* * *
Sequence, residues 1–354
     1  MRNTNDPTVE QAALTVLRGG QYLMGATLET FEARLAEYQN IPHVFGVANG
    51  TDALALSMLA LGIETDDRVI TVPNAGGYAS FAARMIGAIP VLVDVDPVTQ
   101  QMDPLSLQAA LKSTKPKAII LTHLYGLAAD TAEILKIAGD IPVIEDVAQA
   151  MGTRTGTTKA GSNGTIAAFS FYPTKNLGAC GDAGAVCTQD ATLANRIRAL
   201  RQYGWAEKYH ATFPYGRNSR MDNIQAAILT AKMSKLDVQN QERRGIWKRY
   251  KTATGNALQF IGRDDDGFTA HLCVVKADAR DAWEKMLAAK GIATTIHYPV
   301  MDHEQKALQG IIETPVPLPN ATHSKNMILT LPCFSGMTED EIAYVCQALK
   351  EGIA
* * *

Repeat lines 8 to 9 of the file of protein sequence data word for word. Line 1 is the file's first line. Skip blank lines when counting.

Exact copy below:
   301  MDHEQKALQG IIETPVPLPN ATHSKNMILT LPCFSGMTED EIAYVCQALK
   351  EGIA